Gini Nelson\’s Engaging Conflicts

February 21, 2007

Transformative Learning, Adult Development, and Adult Complexity Of Mind, Part Three — EngagingConflicts.com

Filed under: Uncategorized — Gini @ 4:04 am

sheep looking into cameraThis post continues the series on adult development and adult complexity of mind, a relatively new field of study and application about how human thinking capacities evolve sequentially and how these theories can be practically applied in such fields as adult learning, professional development, and leadership development, all of which are relevant for attorneys, mediators and others working in conflict management and resolution. Part One, which overviewed transformational learning, as distinguished from informational learning, and Part Two, which introduced psychological theorist Robert Kegan’s theory of adult development of mind, are found here and here.

Most adults are at Kegan’s Third Order in his five staged orders of mind. They may live most or all of their lives in it. They perhaps strive to live good lives as defined by the norms and standards of their societal institutions, such as family, government, profession. These norms and standards have been internalized — they are “subjects,” that cannot easily be questioned. Adults at the Third Order are living something greater than narrow, self-centered interests — they can consider the impact of their actions on others, and choose, e.g., personal discomfort or risk in order to do what is right for their family. They have difficulty, however, when there are conflicts between important ideologies, institutions or people — they feel torn in two and have difficulty making decisions.

However, according to Kegan, this level of adult development of mind does not give the adult what contemporary life so often demands — contemporary life often requires us to mediate between many conflicting important ideologies, institutions and key people. Therefore, according to Kegan, most adults are “in over their heads,” much of the time.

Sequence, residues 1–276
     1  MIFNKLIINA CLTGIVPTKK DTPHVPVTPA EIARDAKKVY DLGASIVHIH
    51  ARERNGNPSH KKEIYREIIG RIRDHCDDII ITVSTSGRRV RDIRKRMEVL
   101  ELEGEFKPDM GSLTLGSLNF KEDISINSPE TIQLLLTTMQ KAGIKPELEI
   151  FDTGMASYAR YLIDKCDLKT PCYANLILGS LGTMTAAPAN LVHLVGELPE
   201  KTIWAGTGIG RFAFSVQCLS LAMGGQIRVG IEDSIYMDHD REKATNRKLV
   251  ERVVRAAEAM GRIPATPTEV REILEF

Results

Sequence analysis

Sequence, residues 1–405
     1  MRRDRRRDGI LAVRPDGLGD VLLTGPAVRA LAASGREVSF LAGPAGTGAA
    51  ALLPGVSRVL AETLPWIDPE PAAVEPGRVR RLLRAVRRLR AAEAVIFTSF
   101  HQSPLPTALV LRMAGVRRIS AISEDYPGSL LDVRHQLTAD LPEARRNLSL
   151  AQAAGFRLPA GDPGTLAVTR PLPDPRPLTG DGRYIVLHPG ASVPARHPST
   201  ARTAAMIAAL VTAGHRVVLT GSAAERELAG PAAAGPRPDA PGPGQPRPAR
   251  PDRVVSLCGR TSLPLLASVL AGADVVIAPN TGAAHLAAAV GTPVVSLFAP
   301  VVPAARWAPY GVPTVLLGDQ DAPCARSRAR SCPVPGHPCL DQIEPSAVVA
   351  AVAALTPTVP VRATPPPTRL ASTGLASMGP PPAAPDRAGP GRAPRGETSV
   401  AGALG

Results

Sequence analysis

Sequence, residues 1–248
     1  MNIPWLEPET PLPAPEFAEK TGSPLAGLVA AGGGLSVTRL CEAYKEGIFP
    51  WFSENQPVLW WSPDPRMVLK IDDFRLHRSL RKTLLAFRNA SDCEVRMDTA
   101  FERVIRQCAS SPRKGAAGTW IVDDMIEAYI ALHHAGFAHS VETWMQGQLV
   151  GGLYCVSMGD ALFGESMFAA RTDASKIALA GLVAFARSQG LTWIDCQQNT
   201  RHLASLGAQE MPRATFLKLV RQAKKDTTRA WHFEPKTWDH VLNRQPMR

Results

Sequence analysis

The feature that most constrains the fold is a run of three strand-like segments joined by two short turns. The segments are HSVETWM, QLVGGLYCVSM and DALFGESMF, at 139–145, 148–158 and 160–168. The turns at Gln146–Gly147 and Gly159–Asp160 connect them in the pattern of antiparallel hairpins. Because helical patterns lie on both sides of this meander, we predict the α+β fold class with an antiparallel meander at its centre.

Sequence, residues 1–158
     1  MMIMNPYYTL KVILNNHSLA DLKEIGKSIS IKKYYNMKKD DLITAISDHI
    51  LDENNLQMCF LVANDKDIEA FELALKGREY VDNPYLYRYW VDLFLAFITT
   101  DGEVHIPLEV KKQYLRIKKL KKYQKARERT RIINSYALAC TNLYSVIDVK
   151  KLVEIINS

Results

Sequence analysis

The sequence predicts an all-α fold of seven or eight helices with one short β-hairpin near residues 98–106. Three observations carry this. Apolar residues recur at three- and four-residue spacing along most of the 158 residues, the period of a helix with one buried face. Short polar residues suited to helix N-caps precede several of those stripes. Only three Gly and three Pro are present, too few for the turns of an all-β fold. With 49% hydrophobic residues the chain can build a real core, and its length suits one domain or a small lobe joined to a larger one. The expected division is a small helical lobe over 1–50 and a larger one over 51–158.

At the Fourth Order, adults have a sense of self that is independent of their family, government, profession. The norms and standards of those institutions can be examined, questioned — they have become “objects.” These adults are not torn apart by conflicting ideologies, institutions or people, because they have created their own norms and standards. They are self-guided, self-motivated, and self-evaluative. They also have empathy and consider other peoples’ needs and wishes when they make decisions.

According to Kegan, less than half of all adults are at the Fourth Order, even though this is the modern image of what adults are supposed to be like.

The Fifth Order never appears before midlife, and then, only rarely. Adults at this Order have the greatest complexity of mind. They understand and deal better with paradox, consider the broadest ranges of opinions and governing systems, and see similarities where previously they saw differences.

It is important to note that these theories do not say that any one order is better than another. Application of the theories may help us in our lives and in our careers look at the fit between the complexity of mind of a person and his or her role or environment, in order to better support the person in growth and/or constructive accommodation to the required tasks. If an adult at the Third Order is asked to do tasks better suited to someone at the Fourth Order, and vice versa, there will be internal and possibly institutional conflict.

In the work context, for example, an adult being asked to perform more complex tasks, such as may happen in moving from a well-defined job to one with a more ambiguous structure, may feel overwhelmed and inadequate this adult must not only be able to meet demands, but also identify and choose among conflicting demands. An adult asked to perform less complex tasks, such as may happen when the adult has outgrown a role or part of the organization, may feel underutilized and under-valued.

There are many analogous applications in our various practices as we engage conflicts. Kegan has also published an excellent book applying the principles to communication techniques that will best support transformation in individuals, titled How the Way We Talk Can Change the Way We Work (co-authored with Lisa Laskow).

Remember to go to the new site — http://www.EngagingConflicts.com.

Note: The books in this post are available at your local libraries and bookstores, of course, but you can also buy them online through my Amazon.com link in the right-hand sidebar at the new location.

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